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a Musical
by John Weidman (book) & Stephen Sondheim (songs)

COMPANY : Out of Box Theatre [WEBSITE]
VENUE : Artisan Resource Center
ID# 5060

SHOWING : March 31, 2017 - April 15, 2017



"Assassins" lays bare the lives of nine individuals who assassinated or tried to assassinate the President of the United States, in a one-act historical "revusical" that explores the dark side of the American experience. From John Wilkes Booth to Lee Harvey Oswald, writers Stephen Sondheim and John Weidman bend the rules of time and space, taking us on a nightmarish roller coaster ride in which assassins and would-be assassins from different historical periods meet, interact and inspire each other to harrowing acts in the name of the American Dream.

Director Michelle Davis
John Hinckley Jack Allison
Ensemble Maddie Arthur
Leon Czolgosz John Coombs
Balladeer/Oswald Jeremy Cooper
Giuseppe Zangara Jim Dailey
John Wilkes Booth Stephen DeVillers
Emma Goldman Johnna Barrett Mitchell
Proprietor Joel Rose
Ensemble Lauren Rosenzweig
Samuel Byck Dylan Parker Singletary
Sara Jane Moore Emily Tyrybon
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The Bombast Bursting in Air
by playgoer
Saturday, April 22, 2017
Loud. Nearly every cast member singing (or screeching) at the top of their lungs. Piercing flute lines in the accompaniment. Lines shouted as often as spoken. Does it enhance "Assassins?" Not particularly. The energy is appreciated, but not the overblown, alienating bombast that predominates.

Director Michelle Davis has purportedly chosen a circus theme for Out of Box’s production of "Assassins." We have someone in a ringmaster costume, a few others in garb that marginally suggests denizens of a sideshow, and others that just look odd in Ali Olhausen’s costumes. The set suggests the center ring of a circus by having a painted circle in red, white, and blue containing a border with thirteen stars. Boxes making up most of the rest of the set are nicely painted in similar style, and Morgan McCrary Brooks’ design also includes an electric chair that doubles as a vehicle.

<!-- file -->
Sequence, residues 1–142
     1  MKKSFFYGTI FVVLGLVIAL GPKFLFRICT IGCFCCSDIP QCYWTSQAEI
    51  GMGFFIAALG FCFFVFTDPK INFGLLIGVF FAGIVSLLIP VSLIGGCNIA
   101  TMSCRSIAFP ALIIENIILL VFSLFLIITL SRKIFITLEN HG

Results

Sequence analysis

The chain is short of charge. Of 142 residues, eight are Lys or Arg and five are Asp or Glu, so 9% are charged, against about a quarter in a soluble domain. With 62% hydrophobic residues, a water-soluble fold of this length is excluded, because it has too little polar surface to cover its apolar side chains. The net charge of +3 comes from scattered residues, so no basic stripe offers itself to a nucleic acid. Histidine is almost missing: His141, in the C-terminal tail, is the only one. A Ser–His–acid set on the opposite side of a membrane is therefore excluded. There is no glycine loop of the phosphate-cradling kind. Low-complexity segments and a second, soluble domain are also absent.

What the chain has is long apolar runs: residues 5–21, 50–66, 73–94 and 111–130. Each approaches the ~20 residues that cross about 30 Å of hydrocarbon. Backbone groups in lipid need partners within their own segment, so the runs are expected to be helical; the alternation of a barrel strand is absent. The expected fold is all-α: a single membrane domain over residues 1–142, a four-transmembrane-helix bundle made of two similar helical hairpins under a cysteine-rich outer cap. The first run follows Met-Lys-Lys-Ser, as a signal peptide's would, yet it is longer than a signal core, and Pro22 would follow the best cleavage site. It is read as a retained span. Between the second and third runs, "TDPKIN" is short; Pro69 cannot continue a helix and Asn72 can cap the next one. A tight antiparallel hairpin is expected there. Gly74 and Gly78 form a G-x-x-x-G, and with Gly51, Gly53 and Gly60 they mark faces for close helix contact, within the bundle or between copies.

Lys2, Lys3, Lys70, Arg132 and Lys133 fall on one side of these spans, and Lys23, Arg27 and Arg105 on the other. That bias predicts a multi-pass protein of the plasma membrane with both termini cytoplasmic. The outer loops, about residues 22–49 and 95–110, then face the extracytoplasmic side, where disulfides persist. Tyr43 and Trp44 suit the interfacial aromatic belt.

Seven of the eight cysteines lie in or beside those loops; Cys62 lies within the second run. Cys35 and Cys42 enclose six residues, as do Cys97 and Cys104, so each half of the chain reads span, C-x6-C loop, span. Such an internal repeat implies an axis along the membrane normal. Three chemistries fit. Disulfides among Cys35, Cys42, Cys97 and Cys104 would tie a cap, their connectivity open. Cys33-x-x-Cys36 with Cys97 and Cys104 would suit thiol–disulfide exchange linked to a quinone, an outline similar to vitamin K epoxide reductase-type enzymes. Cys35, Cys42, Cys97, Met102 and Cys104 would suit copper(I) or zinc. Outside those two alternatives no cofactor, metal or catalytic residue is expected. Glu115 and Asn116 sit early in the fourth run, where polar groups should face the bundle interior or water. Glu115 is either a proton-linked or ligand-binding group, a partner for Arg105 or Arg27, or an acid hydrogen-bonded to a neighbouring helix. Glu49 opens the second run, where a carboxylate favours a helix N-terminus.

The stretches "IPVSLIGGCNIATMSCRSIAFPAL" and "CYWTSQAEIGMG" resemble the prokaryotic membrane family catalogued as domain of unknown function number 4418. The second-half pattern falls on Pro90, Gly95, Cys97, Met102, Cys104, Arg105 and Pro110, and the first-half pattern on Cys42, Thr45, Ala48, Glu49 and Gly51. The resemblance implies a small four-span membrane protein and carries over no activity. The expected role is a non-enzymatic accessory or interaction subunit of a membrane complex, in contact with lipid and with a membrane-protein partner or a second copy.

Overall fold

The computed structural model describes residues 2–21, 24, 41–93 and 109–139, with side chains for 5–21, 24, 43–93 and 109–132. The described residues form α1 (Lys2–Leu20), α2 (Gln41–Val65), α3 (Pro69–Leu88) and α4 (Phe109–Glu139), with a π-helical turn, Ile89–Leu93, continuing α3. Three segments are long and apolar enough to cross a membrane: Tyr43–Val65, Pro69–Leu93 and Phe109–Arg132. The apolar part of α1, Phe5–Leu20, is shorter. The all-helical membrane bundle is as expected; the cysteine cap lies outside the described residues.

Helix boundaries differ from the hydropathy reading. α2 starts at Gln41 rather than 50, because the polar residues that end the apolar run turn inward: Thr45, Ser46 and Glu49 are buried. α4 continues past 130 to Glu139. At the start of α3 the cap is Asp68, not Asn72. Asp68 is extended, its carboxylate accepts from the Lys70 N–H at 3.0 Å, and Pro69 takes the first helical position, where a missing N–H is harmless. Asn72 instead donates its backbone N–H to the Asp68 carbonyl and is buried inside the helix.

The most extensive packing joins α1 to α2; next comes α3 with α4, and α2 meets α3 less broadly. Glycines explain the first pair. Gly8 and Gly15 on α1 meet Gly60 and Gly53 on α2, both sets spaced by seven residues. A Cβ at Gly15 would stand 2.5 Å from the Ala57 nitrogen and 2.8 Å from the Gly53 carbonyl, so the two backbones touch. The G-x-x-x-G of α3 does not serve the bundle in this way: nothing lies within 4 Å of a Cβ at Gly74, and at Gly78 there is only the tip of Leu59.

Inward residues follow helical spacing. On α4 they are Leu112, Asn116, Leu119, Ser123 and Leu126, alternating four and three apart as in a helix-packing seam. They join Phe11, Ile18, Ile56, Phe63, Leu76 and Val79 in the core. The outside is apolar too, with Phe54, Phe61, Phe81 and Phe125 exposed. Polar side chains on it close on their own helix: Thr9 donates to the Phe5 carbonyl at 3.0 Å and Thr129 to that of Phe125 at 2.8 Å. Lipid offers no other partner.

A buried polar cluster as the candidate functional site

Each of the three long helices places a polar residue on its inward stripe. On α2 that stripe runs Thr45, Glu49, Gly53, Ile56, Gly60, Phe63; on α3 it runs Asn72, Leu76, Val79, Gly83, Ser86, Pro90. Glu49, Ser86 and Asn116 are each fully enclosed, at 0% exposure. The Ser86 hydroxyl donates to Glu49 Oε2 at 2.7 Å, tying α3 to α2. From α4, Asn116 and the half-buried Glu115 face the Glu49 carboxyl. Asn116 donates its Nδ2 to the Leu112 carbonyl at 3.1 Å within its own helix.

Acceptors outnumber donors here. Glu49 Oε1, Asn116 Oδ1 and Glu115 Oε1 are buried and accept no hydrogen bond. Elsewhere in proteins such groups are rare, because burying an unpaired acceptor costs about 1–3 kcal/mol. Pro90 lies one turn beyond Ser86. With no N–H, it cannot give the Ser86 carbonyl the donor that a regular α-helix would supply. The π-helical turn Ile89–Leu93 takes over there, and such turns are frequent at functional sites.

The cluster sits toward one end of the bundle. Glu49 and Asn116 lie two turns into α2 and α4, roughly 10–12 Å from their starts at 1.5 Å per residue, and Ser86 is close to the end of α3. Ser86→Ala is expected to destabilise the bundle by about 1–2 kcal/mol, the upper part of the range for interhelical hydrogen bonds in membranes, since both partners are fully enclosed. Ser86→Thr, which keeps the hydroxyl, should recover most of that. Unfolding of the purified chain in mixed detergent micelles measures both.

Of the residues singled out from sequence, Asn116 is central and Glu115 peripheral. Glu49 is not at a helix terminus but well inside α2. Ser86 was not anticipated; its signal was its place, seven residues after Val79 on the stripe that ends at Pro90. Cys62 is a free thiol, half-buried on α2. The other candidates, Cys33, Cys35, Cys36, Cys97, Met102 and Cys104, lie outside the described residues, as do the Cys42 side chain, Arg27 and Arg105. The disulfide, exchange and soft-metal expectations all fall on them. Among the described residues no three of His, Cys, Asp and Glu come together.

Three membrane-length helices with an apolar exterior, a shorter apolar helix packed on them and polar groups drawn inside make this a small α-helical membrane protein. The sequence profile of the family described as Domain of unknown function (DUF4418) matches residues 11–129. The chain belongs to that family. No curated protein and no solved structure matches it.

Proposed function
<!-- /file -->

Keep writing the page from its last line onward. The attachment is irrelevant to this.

Stevie Roushdi’s lighting design uses red lights for atmosphere, but doesn’t always illuminate the section of the stage where performers are emoting. Most of the show, though, uses adequate general lighting. Sound, designed by Paige Crawford, plugs in frequent gunshots, unaccompanied by any stage magic to show the effects of the shooting.

"Unworthy of Your Love" is often one of the highlights of the show. Here, it’s not. The weak voices and listless performances of Julianne Whitehead and Jack Allison render it forgettable. Charles Guiteau’s solo is often another highlight, and Kiernan Matts certainly makes it memorable here, but not in a good way. His overwrought yelling and look-at-me-do-high-kicks choreography in skin-tight leather pants goes so over the top that the song becomes the nadir of the show.

There are good elements in the show. Emily T. Kalat does wonderful movement work as an articulated doll and hits all the comedy in her role. John Coombs sounds wonderful when he sings and gives a heartfelt (if perhaps overwrought) monologue about work in a bottle factory. Stephen Devillers sounds great and scores dramatically in the climactic scene in the Texas book repository, in which Jeremy Cooper’s acting surpasses any other in the show. Lauren Rosenzweig’s turn in the ensemble can’t dim her star quality.

Annie Cook’s musical direction has gotten the cast to work in splendid harmony in multi-part vocal lines. Her keyboard playing is also spot-on. The accompanying woodwinds occasionally overpower, but the musical numbers sound good when the vocal range of a number matches that of the performer. That doesn’t always occur, with some fine singers (Joel W. Rose, for instance) sounding a little rough around the edges of a song’s range.

Director Michelle Davis hasn’t created a coherent concept that serves the material. A firmer hand might have ensured that the technical elements fully mesh with the concept and that performances all work on a more consistent level. There are things to like in this production, but more things to make one shake one’s head and wonder why. At least sightlines seem to be relatively good for a show with audience members seated on opposing sides of the theatre, but seat weariness arrives during the two intermissionless hours of the show. [POST A COMMENT REGARDING THIS REVIEW]


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